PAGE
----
Cover Osteuropa 8-9/2007

In Osteuropa 8-9/2007

From Pan-Turkism to Pragmatism
Turkey and Central Asia

Rainer Freitag-Wirminghaus

Deutsche Fassung


Turkey likes to see in the Turkic-speaking nations of Central Asia fraternal peoples. When these achieved independence at the start of the 1990s, politicians in Ankara dreamed of political pan-Turkic unity. These burgeoning dreams quickly faded. Turkey exhibited much less attraction on the Central Asian states than Ankara had hoped. Nonetheless, Turkey is very present in the region in economic terms, and cultural ties have been intensified. That Ankara has in the meantime given preference to realpolitik as opposed to its fixation on allegedly fraternal peoples is seen in energy and security policy. In these two decisive fields, Turkish interests have shifted to the southern Caucasus. There, Georgia has become an important partner alongside Azerbaijan, which is closely allied with Turkey culturally and politically. Nonetheless, in Central Asia as well, Ankara is trying to find its place as a mediator between Russia and the United States.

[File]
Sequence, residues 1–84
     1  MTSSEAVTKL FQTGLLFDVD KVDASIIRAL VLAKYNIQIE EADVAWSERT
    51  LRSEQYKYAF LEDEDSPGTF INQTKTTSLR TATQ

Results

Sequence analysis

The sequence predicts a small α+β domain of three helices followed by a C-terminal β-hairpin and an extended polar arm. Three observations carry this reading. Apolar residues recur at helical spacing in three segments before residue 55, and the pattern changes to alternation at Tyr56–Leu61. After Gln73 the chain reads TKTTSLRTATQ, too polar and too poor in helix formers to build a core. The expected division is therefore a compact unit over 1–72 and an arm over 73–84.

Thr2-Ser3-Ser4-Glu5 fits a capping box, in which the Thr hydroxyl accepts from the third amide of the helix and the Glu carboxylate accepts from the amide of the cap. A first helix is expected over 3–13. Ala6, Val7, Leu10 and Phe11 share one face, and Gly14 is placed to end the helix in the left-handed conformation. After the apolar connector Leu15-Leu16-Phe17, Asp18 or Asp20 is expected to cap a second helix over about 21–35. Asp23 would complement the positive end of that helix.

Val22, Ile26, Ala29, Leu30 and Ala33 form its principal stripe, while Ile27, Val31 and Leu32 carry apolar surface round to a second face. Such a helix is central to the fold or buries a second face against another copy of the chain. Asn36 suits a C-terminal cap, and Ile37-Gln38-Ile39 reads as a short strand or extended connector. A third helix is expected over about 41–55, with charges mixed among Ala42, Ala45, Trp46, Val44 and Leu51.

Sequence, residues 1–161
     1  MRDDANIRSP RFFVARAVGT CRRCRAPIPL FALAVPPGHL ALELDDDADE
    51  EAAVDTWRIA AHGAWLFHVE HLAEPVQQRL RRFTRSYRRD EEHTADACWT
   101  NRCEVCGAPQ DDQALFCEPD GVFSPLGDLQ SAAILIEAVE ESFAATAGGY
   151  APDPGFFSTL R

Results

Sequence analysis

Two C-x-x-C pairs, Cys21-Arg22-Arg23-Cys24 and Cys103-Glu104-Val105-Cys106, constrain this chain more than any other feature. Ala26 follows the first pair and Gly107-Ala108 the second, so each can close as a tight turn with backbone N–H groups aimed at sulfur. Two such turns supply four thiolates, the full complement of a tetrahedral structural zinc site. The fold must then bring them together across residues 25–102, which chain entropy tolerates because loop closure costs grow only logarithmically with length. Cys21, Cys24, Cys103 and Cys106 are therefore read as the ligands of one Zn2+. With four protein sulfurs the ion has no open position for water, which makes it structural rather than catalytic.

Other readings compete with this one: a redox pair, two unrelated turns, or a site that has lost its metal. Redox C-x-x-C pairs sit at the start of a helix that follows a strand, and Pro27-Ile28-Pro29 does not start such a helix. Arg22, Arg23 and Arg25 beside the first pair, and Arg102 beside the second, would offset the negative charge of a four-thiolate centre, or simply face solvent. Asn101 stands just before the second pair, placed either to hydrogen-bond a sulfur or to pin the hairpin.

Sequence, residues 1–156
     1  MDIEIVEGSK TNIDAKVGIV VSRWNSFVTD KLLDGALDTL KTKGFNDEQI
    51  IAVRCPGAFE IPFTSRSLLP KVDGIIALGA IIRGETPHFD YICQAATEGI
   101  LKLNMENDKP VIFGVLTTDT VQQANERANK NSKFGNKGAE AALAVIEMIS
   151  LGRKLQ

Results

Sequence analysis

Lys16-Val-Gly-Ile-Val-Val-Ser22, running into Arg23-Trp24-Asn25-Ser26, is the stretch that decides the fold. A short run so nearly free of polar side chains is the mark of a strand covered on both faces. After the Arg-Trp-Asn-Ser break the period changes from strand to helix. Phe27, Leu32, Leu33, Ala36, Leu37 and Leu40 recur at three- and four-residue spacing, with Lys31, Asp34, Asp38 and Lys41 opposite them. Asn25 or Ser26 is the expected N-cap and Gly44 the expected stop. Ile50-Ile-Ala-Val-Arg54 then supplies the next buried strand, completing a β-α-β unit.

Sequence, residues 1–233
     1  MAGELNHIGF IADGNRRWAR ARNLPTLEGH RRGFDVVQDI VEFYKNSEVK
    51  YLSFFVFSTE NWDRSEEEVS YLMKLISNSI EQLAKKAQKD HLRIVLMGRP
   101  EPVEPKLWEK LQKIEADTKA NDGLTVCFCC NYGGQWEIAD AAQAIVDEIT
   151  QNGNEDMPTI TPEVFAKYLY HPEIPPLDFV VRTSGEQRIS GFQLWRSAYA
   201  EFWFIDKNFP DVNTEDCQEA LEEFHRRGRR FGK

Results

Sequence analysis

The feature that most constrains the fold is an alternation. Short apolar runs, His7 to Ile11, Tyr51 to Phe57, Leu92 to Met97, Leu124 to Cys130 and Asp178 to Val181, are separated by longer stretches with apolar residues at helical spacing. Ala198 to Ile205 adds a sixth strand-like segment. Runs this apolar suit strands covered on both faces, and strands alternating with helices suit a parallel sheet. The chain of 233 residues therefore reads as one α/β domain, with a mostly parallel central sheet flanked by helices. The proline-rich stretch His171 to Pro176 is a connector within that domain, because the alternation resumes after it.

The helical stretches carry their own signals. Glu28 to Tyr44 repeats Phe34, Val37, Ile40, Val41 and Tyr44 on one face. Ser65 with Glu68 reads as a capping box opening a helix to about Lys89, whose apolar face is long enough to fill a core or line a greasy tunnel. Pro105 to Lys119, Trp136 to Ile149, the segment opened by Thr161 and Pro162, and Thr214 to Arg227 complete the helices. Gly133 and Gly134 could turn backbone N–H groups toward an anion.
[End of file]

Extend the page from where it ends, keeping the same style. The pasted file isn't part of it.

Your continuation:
(Osteuropa 8-9/2007, pp. 339–356)